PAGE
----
Blowpipe

The Shorts Blowpipe is a man-portable surface-to-air missile that was in use with the British Army and Royal Marines from 1975. It was superseded by an interim design, Javelin, and later the greatly improved Starstreak.

Blowpipe
Class Manportable
Type Rocket Launcher
Manufacturer Thales Air Defence
Origin United Kingdom - UK (Great Britain)
Country Name Origin Year
United Kingdom - UK (Great Britain) 1975
Country Name Operational Year Retirement Year
Afghanistan View
Argentina View
Canada View
Chile View
Ecuador View
Guatemala View
Israel View
Malaysia View
Nigeria View
Oman (Muscat) View
Portugal View
Qatar View
Thailand (Siam) View
United Arab Emirates View
United Kingdom - UK (Great Britain) View
ManufacturerName Production From Production To Quantity
Thales Air Defence View

Blowpipe was used by both sides during the Falklands War in 1982. With the targets being fast flying aircraft, flying low and using the ground to hide their approach, the Blowpipe operator had about 20 seconds to spot the target, align the unit and fire. Brigadier Julian Thompson compared using the weapon to "trying to shoot pheasants with a drainpipe". The official report stated that, of the 95 missiles fired by the British, only 9 managed to destroy their targets and all of these were slow flying planes and helicopters. A later report determined that only two kills could be attributed to Blowpipe: A British Harrier GR3 (XZ972) attacked by Argentine Army special forces (Commandos Company), and an Argentine Aermacchi MB-339 (0766 (4-A-114)) during the Battle of Goose Green.

Blowpipe was found to be particularly ineffective when used to engage a crossing target or to chase a target moving rapidly away from the operator. The poor performance led to it being withdrawn from UK service. In 1986 some of the mothballed units were sent clandestinely to equip the Mujahideen fighting the Soviets in Afghanistan. The system again proved ineffective, and was eventually supplanted by the US Stinger missile. While Blowpipe was available on the international arms market and therefore its origins were open to speculation, the Stinger was restricted, which at the time indicated a more open acknowledgment of Western support for the Mujahideen. Blowpipe missile systems are still being found in weapon caches as recently as May 2012 in Afghanistan.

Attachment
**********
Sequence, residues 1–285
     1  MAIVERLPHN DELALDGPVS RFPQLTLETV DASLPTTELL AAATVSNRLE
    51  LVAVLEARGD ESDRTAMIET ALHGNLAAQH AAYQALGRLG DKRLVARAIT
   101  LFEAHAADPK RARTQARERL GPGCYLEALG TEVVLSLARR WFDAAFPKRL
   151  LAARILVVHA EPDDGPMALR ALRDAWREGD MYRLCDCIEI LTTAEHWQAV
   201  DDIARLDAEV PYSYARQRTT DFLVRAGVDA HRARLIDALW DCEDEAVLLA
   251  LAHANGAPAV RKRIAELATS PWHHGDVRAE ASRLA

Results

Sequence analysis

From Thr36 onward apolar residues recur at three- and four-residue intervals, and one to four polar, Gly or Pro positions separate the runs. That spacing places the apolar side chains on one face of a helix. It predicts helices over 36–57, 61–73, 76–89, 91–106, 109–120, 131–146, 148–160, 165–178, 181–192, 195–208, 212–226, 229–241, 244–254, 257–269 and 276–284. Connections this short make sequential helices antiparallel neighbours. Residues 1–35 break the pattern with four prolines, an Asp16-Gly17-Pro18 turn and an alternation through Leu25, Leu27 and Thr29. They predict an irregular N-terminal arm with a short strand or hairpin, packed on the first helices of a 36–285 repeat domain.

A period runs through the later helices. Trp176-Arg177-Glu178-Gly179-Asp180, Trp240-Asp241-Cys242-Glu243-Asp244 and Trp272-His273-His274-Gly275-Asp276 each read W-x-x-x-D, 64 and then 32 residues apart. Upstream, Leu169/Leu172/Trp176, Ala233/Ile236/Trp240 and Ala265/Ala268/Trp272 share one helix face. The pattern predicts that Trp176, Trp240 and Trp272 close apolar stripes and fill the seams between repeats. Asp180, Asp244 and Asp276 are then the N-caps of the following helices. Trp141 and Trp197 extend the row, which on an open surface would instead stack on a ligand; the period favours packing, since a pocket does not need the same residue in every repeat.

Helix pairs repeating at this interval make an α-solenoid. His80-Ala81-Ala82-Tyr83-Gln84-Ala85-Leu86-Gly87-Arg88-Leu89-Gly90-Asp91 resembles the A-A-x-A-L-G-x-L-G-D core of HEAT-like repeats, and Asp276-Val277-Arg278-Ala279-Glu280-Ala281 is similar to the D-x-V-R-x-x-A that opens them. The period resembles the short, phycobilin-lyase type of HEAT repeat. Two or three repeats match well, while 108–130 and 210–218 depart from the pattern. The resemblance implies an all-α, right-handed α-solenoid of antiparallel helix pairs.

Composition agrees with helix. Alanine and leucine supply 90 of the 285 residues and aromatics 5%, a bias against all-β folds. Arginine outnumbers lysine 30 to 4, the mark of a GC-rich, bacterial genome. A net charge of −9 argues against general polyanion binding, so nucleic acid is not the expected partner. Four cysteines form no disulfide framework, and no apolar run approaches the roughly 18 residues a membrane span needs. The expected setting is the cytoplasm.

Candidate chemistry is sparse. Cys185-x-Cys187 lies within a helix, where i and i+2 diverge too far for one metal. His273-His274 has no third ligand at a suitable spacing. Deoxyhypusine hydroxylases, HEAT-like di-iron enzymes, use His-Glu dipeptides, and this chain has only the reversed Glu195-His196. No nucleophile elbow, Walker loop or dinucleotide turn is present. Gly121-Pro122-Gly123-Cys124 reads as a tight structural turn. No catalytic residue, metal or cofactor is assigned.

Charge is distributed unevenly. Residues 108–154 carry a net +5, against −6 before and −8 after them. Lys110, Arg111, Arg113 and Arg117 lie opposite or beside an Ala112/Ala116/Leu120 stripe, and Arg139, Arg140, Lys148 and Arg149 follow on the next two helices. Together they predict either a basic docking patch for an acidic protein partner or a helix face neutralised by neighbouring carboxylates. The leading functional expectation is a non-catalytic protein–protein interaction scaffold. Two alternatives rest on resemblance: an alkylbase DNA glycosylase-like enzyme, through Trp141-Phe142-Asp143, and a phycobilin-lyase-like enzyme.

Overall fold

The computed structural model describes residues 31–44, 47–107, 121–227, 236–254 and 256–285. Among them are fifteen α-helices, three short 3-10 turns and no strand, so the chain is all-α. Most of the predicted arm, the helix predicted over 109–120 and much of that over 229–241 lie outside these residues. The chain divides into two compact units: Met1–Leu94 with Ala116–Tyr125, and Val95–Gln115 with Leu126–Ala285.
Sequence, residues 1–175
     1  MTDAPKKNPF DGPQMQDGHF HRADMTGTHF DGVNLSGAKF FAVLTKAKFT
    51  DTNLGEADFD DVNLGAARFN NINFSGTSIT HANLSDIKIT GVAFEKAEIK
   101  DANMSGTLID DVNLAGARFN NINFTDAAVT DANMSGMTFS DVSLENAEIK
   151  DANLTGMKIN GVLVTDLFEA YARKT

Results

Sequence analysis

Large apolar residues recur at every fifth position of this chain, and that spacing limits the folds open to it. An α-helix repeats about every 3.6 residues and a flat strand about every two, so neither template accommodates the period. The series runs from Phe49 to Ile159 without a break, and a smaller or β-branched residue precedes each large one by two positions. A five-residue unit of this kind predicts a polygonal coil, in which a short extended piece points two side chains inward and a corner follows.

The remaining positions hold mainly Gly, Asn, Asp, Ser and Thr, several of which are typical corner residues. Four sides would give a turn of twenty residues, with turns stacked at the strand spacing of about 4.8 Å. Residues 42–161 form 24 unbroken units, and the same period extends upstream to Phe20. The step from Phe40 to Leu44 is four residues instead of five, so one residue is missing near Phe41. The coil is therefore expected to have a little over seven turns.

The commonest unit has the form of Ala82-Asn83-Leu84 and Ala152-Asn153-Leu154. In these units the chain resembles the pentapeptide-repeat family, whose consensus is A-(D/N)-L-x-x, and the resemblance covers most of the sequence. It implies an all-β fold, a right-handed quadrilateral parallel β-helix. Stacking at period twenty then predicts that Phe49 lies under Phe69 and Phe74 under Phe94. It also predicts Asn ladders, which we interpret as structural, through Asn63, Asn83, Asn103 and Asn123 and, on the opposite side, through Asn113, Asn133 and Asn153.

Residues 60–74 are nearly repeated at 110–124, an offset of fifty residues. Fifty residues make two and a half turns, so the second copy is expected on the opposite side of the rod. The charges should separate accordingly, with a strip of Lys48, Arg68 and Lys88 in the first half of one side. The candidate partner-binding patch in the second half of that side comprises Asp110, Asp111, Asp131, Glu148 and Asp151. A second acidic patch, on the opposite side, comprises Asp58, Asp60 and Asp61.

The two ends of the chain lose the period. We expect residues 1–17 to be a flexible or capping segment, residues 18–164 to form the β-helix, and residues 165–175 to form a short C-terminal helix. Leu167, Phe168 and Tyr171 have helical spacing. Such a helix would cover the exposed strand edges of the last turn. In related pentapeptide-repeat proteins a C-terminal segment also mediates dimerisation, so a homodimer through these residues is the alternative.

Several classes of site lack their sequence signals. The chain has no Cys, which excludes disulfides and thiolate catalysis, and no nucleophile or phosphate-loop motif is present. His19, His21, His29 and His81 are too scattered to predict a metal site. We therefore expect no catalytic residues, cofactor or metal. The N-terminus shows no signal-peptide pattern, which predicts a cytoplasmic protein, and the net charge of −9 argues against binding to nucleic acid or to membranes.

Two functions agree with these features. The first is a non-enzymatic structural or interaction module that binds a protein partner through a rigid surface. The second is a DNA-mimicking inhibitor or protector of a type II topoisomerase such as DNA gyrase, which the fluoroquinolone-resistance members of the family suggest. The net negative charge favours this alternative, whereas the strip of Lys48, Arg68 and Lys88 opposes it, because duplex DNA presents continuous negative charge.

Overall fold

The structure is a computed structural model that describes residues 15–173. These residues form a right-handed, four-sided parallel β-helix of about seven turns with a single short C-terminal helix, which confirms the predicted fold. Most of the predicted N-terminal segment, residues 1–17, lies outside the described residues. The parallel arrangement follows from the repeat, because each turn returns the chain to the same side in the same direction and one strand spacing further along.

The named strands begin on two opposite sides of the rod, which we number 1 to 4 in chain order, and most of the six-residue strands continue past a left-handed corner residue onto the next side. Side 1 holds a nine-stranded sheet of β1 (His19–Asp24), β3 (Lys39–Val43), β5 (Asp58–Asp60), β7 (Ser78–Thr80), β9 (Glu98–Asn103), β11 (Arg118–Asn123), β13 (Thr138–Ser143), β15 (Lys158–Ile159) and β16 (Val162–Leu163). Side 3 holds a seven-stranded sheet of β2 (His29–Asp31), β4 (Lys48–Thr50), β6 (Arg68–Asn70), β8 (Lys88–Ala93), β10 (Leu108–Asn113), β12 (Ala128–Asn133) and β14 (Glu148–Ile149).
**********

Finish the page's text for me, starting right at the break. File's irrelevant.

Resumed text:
The Canadian military took Blowpipe from storage to give some protection to their naval contribution to the 1991 Gulf war, although sheer age had degraded the weapons, and nine out of 27 missiles tested misfired in some way.

Blowpipe saw more effective use in the Cenepa War of 1995 between Ecuador and Peru, where it was deployed mainly against Peruvian Mil Mi-17 and Mil Mi-18 helicopters.

Weight - 14.5 kg (missile in launch tube)

22 kg (complete system)

6.2 kg (launcher)

Length - 1.35 m

Diameter - 76 mm

Crew - 1

Effective range - 0.5 to 3.5 km

Warhead - Shaped charge

Warhead weight - 2.2 kg

Engine - Solid Rocket Motor

Speed - Mach 1.5

Guidance system - MCLOS system

End notes